Revenue recognition in the context of zero-percent fee increases
The announcement of a zero-percent student fee increase for the 2016 academic year, coupled with confirmation that students eligible for the National Student Financial Aid Scheme (NSFAS) will not be required to pay registration fees, has accounting implications for universities.
As institutions that report under International Financial Reporting Standards (IFRS), universities are required to measure their revenue from tuition fees in accordance with International Accounting Standard (IAS) 18 Revenue. This Standard requires revenue to be measured at the fair-value of the consideration received (cash) or receivable (the student).
By not increasing fees for the 2016 academic year, the amount to be recorded as revenue will not be impacted. This will, however, result in a strain on budgets and liquidity and possibly impact the ability of a university to continue as a going concern, in the absence of government funding to reduce the shortfall.
Universities regard the registration fees as a ‘first payment’ for tuition fees per the payment terms communicated in the student fee handbook. The reprieve for students eligible for NSFAS funding from paying registration fees, has an impact on the initial measurement of student revenue. Coupled with this, NSFAS-funded students may also be exempted from interest on overdue accounts (overdue referring to the non-payment per the agreed payment terms). As a consequence, universities might in fact be providing interest-free ‘financing’ to students while waiting for NSFAS allocations to be paid out.
In such a scenario, the time-value of money should be accounted for in determining the fair value of the receivable, when there is a time-lag in receipt of payments or where student accounts bear no interest. For fee revenue from NSFAS-funded students, this requires the initial measurement of revenue to be lower than the course or other fees as stipulated in the student fee handbook, when the effect of these relaxed terms are material. Materiality will differ from institution to institution.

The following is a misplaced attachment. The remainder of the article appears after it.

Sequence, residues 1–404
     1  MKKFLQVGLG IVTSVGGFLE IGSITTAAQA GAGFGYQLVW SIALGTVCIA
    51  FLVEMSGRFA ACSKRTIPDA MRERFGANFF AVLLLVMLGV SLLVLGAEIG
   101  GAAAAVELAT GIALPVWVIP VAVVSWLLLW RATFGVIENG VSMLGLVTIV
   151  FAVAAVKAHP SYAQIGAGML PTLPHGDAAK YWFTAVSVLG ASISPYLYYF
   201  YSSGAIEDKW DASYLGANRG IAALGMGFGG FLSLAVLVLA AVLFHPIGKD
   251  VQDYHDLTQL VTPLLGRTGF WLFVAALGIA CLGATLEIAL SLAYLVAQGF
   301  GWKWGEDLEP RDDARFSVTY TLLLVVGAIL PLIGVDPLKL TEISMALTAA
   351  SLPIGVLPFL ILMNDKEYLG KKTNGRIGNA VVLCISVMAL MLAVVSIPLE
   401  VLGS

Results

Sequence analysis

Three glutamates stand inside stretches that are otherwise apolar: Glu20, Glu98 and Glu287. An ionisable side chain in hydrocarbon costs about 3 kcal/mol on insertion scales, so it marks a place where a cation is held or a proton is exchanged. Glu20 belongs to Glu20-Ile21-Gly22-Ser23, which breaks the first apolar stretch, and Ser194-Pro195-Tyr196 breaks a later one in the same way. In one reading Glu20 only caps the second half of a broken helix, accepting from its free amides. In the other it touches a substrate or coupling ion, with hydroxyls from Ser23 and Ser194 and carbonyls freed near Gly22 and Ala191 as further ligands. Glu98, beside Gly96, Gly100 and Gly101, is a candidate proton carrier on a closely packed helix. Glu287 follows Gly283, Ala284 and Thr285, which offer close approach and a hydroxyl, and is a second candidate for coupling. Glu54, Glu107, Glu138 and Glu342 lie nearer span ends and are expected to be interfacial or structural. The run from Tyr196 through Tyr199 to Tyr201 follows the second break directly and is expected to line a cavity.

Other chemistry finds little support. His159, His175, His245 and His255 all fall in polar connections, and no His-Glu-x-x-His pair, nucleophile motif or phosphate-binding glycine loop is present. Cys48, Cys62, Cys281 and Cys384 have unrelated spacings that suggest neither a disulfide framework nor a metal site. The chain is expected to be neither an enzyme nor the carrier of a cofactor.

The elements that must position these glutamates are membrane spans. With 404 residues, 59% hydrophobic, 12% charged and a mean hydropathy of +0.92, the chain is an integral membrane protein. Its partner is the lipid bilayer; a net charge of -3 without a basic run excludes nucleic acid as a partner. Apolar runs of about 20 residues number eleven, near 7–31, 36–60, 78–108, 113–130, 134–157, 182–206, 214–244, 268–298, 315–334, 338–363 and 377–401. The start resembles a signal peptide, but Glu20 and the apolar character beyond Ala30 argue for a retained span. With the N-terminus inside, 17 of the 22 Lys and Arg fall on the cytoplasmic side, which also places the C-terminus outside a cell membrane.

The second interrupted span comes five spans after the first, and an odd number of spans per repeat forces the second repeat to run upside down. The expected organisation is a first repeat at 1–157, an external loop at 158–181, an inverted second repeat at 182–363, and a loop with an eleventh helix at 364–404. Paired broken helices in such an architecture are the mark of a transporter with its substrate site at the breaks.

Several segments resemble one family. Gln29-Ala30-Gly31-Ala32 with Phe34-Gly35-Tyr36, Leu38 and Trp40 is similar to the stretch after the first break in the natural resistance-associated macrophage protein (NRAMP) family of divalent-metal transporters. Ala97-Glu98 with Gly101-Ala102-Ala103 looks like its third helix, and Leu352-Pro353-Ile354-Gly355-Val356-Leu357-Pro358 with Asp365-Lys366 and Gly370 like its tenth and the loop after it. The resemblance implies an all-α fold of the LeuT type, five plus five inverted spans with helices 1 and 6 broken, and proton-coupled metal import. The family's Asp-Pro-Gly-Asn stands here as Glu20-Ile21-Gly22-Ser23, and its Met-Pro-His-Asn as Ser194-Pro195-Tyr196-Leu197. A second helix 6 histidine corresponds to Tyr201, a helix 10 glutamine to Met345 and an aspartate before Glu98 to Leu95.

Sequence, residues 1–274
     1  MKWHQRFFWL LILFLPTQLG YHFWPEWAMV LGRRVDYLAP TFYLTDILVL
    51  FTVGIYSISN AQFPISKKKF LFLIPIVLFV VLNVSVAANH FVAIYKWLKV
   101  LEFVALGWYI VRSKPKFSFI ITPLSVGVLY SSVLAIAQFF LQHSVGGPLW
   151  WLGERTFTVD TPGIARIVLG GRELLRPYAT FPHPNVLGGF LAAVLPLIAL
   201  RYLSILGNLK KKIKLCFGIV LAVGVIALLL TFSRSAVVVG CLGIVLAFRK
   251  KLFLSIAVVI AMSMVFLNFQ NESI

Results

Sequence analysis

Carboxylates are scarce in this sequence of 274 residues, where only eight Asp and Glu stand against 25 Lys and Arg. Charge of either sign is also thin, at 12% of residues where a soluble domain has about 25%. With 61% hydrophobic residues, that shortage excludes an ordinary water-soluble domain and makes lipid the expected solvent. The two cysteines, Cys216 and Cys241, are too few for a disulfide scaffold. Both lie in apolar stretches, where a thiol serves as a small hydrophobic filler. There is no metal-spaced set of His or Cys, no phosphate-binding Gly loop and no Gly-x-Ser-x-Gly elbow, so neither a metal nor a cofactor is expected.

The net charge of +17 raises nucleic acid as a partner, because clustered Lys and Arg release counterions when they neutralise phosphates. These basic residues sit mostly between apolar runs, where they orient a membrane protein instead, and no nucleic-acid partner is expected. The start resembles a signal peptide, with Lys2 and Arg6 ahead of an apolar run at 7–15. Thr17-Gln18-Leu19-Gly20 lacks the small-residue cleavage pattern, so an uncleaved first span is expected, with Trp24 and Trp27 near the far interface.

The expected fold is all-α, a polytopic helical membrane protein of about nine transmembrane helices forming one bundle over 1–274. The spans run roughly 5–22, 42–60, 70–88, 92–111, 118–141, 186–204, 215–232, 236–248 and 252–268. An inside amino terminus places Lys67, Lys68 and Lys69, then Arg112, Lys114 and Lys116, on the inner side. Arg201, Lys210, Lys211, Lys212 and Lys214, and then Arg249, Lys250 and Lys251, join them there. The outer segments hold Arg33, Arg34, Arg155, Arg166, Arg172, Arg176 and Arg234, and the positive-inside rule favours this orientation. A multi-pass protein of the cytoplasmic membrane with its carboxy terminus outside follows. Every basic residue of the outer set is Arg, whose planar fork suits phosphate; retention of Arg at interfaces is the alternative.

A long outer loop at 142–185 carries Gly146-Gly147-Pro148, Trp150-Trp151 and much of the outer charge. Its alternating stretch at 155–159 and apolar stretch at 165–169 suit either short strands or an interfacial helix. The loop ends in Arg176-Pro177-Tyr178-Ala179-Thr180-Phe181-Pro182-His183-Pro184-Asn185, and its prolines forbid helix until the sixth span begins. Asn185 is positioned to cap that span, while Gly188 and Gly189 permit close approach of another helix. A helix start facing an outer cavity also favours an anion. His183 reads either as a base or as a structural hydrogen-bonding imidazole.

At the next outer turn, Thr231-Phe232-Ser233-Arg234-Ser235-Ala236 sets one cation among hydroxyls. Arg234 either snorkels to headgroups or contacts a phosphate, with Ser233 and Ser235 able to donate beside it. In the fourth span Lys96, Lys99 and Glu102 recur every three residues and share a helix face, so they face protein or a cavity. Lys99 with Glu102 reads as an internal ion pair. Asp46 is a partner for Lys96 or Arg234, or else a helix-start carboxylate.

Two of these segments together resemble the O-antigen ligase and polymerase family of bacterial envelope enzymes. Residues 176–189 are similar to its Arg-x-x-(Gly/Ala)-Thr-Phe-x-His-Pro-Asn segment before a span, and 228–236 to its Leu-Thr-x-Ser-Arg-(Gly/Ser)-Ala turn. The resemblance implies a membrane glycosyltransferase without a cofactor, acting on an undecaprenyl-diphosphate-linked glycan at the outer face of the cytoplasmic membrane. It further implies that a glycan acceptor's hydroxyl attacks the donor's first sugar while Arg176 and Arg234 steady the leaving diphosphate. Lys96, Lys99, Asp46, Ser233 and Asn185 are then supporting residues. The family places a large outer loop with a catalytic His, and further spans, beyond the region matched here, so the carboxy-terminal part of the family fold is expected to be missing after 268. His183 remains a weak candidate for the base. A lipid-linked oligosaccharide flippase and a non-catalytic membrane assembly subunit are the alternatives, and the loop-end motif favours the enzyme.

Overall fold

It is up to each university to consider the fair value of revenue, in light of the timing of cash receipts.
Collectability of student debt in the context of the Fees Must Fall campaign
The Fees Must Fall campaign that began at the end of 2015, and its ongoing aim to see free higher education become a reality, has left universities asking the question:
How should student debt at the end of the 2015 financial year be assessed for collectability given the expectation from students that ‘free higher education’ is their right?
We explore this question below.
When assessing the collectability of student debt, student debtors are mostly grouped together with others (e.g. NSFAS students in second year) where they share similar risk of not paying.
Under IAS 39 Financial Instruments: Recognition and Measurement, a financial asset or group of financial assets is impaired, and impairment losses are incurred, if there is objective evidence of impairment as a result of one or more events that occurred after the asset’s initial recognition. This raises the question whether the demand for free higher education is ‘objective evidence’ that students will not repay debt?
IAS 39, paragraph 59 provides examples of factors that may, either individually or taken together, provide sufficient objective evidence that a student debtor or group of student debtors is impaired. This includes observable data that comes to the attention of the university. Examples of this include:
In terms of the examples outlined above, it may be possible that some of the examples of observable data already existed at 31 December 2015 ‑ particularly the granting of concessions in direct response to the Fees Must Fall campaign’s demands as well as the worsening economic conditions in South Africa.
Concerns about the recoverability of student debt is at an all-time high in 2016. Universities should tread with caution.
© 2010 - Sat Dec 15 08:37:38 UTC 2018 PwC. All rights reserved. PwC refers to the PwC network and/or one or more of its member firms, each of which is a separate legal entity. Please see www.pwc.com/structure for further details.